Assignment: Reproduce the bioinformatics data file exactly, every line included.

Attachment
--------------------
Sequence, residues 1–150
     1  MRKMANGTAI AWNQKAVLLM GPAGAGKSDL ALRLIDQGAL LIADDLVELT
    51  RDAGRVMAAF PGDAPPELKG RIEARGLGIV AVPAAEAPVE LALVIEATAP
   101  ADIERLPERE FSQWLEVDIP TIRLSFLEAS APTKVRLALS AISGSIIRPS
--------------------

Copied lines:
Sequence, residues 1–150
     1  MRKMANGTAI AWNQKAVLLM GPAGAGKSDL ALRLIDQGAL LIADDLVELT
    51  RDAGRVMAAF PGDAPPELKG RIEARGLGIV AVPAAEAPVE LALVIEATAP
   101  ADIERLPERE FSQWLEVDIP TIRLSFLEAS APTKVRLALS AISGSIIRPS